Authors: Hadaly Serrano-Ruiz, Lluis Martin-Closas, Ana M. Pelacho
Abstract: Biodegradable mulches (BDM) are increasingly valued and used for substituting non-biodegradable plastic mulches polluting agricultural soils. They are tilled into soil, where they fragment and release compounds throughout their biodegradation. The consequences of BDM use on the plant-soil environment have been partially studied with pristine and with artificially-weathered BDM fragments. However, to guarantee safety use of BDM, studies on the BDM debris effects are required. For this, to determine potential effects of the field-weathering BDM on plants, a mesocosm experiment was performed by sowing seeds from two major plant species commonly cultivated with BDM, tomato (Lycopersicon esculentum) and lettuce (Lactuca sativa), in plant pots containing pristine and field-weathered pieces from seven different BDM formulations, one paper mulch, a polyethylene (PE) mulch, and no-mulch control pots.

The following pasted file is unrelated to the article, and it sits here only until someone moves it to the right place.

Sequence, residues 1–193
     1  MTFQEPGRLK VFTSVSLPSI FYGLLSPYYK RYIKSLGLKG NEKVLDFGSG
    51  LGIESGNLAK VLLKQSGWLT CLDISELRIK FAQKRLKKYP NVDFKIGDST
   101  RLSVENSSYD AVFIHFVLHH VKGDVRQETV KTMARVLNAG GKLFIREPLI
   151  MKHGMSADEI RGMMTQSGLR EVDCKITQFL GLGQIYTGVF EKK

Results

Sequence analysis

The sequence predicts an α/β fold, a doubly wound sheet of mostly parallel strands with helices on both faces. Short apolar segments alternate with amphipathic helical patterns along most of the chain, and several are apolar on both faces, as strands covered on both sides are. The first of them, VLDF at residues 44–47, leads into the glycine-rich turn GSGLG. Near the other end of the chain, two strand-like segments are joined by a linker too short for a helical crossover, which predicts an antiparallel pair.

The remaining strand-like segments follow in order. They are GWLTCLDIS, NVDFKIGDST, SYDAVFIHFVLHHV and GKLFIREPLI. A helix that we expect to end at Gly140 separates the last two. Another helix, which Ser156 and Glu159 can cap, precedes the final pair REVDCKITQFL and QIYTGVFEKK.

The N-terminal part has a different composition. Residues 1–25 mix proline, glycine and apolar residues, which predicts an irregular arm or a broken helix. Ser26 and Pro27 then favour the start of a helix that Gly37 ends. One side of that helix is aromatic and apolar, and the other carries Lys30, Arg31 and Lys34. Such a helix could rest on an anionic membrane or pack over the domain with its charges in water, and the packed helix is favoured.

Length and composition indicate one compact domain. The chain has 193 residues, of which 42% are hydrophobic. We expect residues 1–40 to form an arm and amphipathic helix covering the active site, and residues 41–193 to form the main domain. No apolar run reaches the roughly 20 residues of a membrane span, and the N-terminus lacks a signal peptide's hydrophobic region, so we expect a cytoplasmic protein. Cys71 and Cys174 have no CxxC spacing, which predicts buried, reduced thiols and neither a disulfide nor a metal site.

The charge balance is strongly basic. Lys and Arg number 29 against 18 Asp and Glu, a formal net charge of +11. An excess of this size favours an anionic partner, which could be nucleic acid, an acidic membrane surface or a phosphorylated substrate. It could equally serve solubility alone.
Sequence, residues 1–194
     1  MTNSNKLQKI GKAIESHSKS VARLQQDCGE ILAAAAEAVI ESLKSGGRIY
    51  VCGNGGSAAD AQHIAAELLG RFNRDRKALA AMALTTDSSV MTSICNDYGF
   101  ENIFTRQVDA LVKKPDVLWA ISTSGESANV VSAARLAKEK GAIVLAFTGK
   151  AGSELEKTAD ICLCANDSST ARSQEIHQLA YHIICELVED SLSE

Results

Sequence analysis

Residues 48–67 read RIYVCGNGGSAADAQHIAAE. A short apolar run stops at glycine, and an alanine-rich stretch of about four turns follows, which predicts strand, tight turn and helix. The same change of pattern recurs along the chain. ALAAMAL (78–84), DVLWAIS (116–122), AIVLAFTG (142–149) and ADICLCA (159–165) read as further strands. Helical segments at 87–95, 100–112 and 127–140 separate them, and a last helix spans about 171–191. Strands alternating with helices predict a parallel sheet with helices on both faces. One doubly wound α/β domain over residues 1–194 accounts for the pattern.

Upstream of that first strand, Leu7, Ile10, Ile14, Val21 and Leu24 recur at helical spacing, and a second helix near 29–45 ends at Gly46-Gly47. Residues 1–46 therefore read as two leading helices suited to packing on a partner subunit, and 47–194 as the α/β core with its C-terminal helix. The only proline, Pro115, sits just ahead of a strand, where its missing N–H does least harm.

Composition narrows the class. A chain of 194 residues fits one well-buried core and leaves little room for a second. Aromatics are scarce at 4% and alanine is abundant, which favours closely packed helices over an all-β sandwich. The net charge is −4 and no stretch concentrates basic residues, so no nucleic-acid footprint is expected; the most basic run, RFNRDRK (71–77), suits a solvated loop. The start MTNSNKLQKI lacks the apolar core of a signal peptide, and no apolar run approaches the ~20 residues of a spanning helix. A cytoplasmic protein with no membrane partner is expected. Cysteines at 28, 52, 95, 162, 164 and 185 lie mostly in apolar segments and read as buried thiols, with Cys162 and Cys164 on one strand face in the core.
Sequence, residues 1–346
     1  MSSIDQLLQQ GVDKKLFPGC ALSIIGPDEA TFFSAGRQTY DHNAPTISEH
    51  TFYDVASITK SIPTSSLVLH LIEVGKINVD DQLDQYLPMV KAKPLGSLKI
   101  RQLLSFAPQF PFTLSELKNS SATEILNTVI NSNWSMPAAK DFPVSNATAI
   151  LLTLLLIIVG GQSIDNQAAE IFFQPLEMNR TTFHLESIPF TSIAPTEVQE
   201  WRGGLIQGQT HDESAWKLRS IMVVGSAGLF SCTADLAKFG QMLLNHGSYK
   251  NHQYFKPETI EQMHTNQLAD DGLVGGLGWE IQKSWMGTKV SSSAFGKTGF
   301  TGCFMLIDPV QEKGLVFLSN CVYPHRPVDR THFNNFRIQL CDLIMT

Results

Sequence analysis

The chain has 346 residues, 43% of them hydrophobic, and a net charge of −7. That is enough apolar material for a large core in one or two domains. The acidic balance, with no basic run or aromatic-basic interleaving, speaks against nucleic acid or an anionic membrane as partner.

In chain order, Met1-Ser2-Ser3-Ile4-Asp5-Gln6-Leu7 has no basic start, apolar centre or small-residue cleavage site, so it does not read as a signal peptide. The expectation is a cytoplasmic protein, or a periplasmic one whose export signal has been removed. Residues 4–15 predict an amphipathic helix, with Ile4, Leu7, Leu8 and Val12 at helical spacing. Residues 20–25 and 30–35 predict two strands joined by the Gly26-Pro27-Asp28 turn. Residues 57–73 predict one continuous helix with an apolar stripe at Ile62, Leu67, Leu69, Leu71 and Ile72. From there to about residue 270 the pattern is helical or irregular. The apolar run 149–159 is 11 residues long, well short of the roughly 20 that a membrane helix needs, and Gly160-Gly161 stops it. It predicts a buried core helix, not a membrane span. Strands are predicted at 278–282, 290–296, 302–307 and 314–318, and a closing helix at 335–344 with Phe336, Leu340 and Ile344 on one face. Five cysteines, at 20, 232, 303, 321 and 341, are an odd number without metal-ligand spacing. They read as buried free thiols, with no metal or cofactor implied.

Germination of both plant species was unaffected by any of the mulch treatments; however, PHB (polyhydroxybutyrate)-based BDM fragments severely inhibited tomato and lettuce plant growth, 90 and 95 %, respectively. Moreover, all pristine and field-weathered BDM significantly delayed lettuce plant development. Tomato plant growth progressed better, but growth retardation was also evidenced with most field-weathered BDM treatments. Overall, field-weathered fragments caused stronger effects on plants than the pristine unused ones. No effects were found for PE mulch, either pristine or field-weathered. The obtained results highlight that BDM debris may alter plant development depending on their nature and on their weathering, rather than on their physical presence, and evidence the need to conduct further experiments on the impact of field-weathered BDM on the plant-soil environment.